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Day 169

The area around the hotel had to be cleared again today. Overnight a few crawlers had invaded the area, reminding us that it would be some time before we’d be able to find and kill them all. We were in for a battle but in comparison to what we had been through, this one was much easier. The crawlers are slow. That fact is plain and simple to see.

None of us were worried. The move to the hotel had run pretty smoothly today.

We managed to get all of the people moved and in the process, moved quite a bit of the gear that we had managed to salvage. Knowing that most of whatever else we could possibly want was within easy reach was certainly a saving grace. We didn’t have to get it all done the same day.

Having the ability to take our time was something that many of us have missed over the past one hundred and sixty-eight days. We’ve been so consumed with saving our own asses, that we’ve missed out on the luxury of relaxation.

Don’t get worried however; there is nothing drastic going on. It’s just that the panic which has existed for such a long time in each moment has subsided to a certain degree. No one is taking chances or acting foolhardy. There is just an atmosphere of calm that has descended over the group.

We’ve lived through so much and while we are bound to love and lose over and over again, hope is returning. Thriving.

Hope makes us a little giddy, akin to the way you felt when growing up looking under the Christmas tree to see a huge present with your name on it. Like when the girl that you have had a crush on forever finally says yes once you’ve collected the courage to ask her out. Hope – it’s a renewing emotion. One that we desperately need.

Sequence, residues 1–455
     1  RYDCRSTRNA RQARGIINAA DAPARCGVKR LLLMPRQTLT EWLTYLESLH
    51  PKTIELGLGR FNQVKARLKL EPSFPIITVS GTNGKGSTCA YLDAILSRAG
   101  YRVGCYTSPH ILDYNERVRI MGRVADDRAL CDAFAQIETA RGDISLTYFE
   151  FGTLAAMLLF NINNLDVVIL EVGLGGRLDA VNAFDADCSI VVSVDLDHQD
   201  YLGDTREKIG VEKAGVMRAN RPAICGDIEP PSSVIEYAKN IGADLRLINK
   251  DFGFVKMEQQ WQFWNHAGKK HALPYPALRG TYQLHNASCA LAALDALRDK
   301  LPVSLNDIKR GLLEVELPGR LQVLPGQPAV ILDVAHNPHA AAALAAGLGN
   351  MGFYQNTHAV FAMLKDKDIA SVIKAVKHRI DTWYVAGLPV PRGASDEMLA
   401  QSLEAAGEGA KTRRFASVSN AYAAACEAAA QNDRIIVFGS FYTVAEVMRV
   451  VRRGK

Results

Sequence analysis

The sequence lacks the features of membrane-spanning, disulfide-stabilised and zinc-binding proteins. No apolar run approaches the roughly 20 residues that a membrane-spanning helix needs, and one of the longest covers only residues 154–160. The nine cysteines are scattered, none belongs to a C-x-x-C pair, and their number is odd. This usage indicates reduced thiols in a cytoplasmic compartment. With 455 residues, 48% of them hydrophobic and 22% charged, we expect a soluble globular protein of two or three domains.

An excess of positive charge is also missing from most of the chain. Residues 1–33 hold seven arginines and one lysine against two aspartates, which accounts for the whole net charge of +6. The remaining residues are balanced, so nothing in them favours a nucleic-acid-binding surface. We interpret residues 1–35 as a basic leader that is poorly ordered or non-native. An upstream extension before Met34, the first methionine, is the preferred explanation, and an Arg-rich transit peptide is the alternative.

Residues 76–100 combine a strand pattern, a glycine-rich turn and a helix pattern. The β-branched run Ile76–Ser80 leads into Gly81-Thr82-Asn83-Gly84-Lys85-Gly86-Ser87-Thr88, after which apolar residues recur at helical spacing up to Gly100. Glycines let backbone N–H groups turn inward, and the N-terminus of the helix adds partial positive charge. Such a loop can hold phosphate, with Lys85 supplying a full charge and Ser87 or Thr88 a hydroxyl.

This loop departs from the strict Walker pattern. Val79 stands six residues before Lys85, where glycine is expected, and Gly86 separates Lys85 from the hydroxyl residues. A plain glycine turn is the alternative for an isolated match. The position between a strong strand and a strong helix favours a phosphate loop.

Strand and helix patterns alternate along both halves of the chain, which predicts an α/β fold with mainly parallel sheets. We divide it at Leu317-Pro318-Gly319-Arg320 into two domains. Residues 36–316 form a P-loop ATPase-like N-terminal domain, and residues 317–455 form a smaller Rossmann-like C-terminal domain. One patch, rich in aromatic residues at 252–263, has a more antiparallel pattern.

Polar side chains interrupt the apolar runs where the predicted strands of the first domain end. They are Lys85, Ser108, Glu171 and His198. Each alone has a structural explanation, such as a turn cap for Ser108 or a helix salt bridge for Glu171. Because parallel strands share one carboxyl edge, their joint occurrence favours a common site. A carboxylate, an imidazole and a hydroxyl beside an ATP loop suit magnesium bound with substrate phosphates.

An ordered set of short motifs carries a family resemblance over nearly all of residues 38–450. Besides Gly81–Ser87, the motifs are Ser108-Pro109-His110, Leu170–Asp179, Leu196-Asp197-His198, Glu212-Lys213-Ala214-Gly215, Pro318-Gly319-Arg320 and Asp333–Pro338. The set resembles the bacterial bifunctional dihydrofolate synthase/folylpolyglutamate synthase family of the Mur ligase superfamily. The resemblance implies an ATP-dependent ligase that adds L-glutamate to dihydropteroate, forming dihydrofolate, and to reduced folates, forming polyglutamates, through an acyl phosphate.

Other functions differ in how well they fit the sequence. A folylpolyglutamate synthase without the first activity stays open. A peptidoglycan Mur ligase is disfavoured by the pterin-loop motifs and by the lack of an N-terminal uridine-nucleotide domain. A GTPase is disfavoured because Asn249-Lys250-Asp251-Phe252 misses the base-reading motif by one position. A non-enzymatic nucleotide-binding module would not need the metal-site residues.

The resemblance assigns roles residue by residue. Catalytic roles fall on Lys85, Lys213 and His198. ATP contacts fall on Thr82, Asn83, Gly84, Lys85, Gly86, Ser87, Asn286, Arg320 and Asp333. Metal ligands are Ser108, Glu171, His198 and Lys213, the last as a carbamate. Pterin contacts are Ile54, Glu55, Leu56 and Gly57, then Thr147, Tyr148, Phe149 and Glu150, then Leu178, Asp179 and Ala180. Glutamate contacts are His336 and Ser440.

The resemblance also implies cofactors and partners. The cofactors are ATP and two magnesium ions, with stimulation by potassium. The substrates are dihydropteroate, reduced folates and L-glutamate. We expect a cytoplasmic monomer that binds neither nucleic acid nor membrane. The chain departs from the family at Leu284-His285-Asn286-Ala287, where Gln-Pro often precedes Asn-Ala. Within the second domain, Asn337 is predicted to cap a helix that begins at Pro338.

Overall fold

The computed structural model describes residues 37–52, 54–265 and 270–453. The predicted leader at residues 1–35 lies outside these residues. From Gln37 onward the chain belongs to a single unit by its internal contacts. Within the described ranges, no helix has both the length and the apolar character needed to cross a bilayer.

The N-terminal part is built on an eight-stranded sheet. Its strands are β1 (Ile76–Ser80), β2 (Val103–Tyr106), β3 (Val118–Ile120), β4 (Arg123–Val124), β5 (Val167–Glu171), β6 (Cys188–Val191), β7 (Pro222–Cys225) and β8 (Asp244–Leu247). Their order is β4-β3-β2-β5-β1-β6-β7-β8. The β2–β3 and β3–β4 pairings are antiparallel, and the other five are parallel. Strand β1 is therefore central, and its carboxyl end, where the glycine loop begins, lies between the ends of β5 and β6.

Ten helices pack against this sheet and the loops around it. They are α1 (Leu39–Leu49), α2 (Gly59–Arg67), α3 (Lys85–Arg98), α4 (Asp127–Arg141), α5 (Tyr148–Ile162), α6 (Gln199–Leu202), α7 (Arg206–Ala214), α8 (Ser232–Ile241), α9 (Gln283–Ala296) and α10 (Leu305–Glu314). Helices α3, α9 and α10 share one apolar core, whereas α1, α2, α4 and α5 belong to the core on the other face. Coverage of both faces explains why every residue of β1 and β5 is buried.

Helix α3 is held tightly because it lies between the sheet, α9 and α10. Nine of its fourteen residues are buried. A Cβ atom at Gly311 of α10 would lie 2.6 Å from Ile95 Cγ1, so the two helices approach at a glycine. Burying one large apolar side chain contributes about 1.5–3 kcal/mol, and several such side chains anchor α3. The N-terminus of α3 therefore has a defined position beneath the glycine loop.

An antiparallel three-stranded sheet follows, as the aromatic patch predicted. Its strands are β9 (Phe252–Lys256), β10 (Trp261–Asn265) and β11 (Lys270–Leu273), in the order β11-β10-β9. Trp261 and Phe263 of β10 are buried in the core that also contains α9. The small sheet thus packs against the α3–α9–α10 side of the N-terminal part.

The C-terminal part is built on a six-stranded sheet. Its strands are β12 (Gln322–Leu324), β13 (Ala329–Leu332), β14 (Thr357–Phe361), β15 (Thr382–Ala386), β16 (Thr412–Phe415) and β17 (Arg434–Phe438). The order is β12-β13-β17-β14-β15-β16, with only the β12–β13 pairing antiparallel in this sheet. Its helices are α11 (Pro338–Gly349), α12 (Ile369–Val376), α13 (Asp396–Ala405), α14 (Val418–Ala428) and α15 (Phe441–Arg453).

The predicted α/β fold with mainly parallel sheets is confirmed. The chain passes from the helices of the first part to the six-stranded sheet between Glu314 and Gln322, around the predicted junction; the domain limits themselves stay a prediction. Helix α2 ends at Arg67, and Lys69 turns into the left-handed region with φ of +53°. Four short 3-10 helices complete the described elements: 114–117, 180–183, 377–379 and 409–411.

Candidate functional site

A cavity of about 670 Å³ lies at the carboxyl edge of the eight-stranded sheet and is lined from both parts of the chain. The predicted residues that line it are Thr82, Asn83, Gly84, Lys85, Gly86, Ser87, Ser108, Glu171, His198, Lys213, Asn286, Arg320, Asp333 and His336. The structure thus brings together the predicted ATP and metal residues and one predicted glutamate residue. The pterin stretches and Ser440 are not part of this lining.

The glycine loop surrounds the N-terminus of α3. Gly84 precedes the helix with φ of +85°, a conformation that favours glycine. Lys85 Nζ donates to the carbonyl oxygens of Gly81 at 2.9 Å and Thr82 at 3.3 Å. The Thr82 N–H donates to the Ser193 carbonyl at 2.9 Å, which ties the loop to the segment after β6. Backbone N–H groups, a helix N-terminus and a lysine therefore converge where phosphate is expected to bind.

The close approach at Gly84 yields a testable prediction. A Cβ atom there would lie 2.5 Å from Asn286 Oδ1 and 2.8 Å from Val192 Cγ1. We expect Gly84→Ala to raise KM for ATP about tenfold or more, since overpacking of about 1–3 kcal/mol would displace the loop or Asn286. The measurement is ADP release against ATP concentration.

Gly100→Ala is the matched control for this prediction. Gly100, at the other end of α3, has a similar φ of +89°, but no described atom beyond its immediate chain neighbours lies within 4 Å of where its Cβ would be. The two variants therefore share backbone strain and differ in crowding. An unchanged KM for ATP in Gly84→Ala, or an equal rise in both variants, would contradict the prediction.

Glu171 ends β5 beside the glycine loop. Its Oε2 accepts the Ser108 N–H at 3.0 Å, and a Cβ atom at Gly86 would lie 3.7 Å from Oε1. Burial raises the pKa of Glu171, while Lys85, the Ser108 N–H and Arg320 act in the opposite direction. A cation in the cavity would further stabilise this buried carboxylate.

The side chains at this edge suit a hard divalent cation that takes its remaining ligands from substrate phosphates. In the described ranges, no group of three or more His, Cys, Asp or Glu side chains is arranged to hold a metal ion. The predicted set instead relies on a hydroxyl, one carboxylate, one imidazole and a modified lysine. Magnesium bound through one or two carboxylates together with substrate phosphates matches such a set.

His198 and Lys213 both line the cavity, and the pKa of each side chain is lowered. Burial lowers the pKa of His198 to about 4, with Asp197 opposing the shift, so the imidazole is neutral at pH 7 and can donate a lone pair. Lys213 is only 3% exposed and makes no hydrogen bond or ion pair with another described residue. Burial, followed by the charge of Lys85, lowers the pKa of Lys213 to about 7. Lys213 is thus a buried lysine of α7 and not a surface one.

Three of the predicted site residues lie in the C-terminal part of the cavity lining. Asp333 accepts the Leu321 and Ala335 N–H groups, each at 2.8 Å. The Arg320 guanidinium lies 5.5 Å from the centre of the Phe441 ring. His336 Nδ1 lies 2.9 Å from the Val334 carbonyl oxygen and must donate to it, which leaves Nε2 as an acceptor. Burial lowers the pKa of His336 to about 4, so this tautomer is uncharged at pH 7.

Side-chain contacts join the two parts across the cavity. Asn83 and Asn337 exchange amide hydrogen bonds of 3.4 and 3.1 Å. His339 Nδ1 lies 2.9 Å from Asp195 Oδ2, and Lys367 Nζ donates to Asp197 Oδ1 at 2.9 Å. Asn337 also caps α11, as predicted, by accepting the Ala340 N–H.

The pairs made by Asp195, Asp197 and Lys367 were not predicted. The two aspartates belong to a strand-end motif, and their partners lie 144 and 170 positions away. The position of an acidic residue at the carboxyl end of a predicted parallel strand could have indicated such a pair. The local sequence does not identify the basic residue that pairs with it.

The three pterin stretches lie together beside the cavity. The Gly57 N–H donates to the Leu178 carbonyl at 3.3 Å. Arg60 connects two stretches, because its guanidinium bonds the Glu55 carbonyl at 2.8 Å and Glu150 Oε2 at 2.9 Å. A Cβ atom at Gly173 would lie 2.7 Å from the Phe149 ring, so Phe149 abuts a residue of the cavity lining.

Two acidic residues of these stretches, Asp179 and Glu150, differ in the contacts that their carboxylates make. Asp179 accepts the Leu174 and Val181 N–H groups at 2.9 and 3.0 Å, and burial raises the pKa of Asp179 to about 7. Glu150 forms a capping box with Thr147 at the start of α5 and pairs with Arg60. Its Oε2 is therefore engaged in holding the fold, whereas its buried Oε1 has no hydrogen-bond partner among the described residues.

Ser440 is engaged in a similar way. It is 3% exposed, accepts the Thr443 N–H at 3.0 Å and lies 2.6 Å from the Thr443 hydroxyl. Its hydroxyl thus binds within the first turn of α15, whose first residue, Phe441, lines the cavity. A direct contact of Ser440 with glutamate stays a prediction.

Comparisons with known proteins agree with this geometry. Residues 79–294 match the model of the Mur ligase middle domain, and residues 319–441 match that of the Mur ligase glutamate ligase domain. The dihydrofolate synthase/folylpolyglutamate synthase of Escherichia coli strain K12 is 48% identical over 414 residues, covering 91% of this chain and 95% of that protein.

We had just finished moving everyone over to the hotel when a noise sounded on the horizon. It was something that none of us had heard for a very long time; its absence making it almost foreign.

Could it be true?

Was it possible?

After radioing the Perimeter Guard our suspicions were confirmed.

It was a plane.

On the horizon and homing in on the settlement like it was a beacon. As I ran to the wall to get a closer look myself, the sound got louder and louder. Whoever was flying that plane was in complete control of it and they appeared to heading straight for us.

Ascending the stairs of the closest lookout post, I was rewarded with a glimpse of the craft. It was still some distance off but from the size, you could tell that it was a large commercial plane.

It would have been months since most aircraft had been grounded due to the outbreak and the sheer fact that there was no one left interested in taking a vacation to the hottest Undead locales. It seemed utterly impossible and yet, there it was, slicing through the air toward us.

The closest runway was just outside the wall’s limits. When Johanna had the walls erected, the airport was not included in their coverage. I’m assuming they weighed both the advantages and disadvantages of its inclusion. There was the possibility for something happening within the walls similar to what had happened in London and I’m sure many other cities. It was also a potential escape route. Apparently, Johanna had erred on the side of caution.

Someone had to make the hard decisions and Johanna had been formidable from what I have heard. She’s the reason that many of us are alive right now. Had there not been a place to come to, somewhere safe, free from the Undead, and self-sustaining to a point, we’d be dead. Of that I am certain. Ben, Julie and I were beyond trying to guess at a place that might be safe and Seattle had been our only option at the time.

Sometimes I wonder how the rest of the survivors we have met along the way are. There were so many of us that split ways after the cruise ship ran aground just off the coast of Georgia. What of the people we had rescued from the men that had collected survivors on their farm? So many survivors in a dwindling world of the living and we have no way of knowing how many of them are still alive.